Customer Identity Resolution in Databricks using Zingg

What is Customer Identity Resolution and why should you care?

Companies and organizations gather more and more prospects and customers’ data from varied sources. To fully understand their prospects’ and customers’ behaviour, it is crucial for them to be able to link customers across their data sources.

This is a complicated task, given that customer data source often rely on error-prone manual input, customers might input different information from source to source and some customer information is changing over time.

However, machine-learning techniques can be used to perform customer identity resolution(1)

Databricks and Zingg offer an easy-to-implement ML-based solution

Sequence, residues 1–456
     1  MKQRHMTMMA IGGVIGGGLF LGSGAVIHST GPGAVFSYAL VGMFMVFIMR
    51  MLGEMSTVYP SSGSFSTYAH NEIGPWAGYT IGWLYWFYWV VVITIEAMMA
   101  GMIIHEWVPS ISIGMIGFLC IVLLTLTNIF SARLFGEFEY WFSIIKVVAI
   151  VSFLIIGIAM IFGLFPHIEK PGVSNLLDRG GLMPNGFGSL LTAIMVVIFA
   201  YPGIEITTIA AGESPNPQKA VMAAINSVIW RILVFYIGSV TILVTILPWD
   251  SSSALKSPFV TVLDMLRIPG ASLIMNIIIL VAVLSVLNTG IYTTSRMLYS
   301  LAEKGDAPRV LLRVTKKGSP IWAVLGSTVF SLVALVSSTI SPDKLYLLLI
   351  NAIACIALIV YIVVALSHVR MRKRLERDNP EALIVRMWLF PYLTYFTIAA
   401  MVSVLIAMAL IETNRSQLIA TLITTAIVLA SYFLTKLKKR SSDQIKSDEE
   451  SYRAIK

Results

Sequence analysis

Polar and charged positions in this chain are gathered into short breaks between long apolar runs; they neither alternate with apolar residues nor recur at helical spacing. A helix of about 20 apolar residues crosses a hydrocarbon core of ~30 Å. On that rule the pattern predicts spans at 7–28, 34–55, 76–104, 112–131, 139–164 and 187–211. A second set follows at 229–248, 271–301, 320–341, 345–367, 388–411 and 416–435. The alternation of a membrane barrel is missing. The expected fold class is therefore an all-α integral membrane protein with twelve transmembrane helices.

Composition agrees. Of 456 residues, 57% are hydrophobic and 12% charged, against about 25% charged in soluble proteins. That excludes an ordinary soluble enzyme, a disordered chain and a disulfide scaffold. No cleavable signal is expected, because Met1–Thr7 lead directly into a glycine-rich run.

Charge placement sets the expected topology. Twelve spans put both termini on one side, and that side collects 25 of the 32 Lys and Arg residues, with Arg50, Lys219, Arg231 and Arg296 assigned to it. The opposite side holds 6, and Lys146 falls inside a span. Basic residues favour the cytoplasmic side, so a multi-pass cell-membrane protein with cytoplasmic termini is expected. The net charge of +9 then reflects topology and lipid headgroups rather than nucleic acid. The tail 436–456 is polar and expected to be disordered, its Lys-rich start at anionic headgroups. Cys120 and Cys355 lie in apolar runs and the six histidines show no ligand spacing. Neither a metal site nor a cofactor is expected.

In this insight, we will focus on one ML-powered tool: Zingg. It can be used inside Databricks to create a 360-degree view of the customer. 

Zingg uses active learning. Unlike traditional supervised learning models, with active learning, the initial model is trained on a small labelled dataset. The training dataset is generated through multiple iterations and active interaction with a “human labeller”: the algorithm finds interesting pairs to label, the user labels these pairs, saves the labelled pairs and starts the process again until a satisfactory number of pairs has been labelled. 

Note that as with any machine learning model, results will never be 100% accurate. The model will introduce some false positives (customers labelled as one person but in reality they are different) and false negatives (customers not flagged as one person but in reality they are). 

As Zingg uses machine learning and Spark under the hood, extensive knowledge of machine learning and Spark is not required. Once the library is correctly installed on a Databricks cluster, the solution can be implemented in a single Python notebook using the Zingg Python client.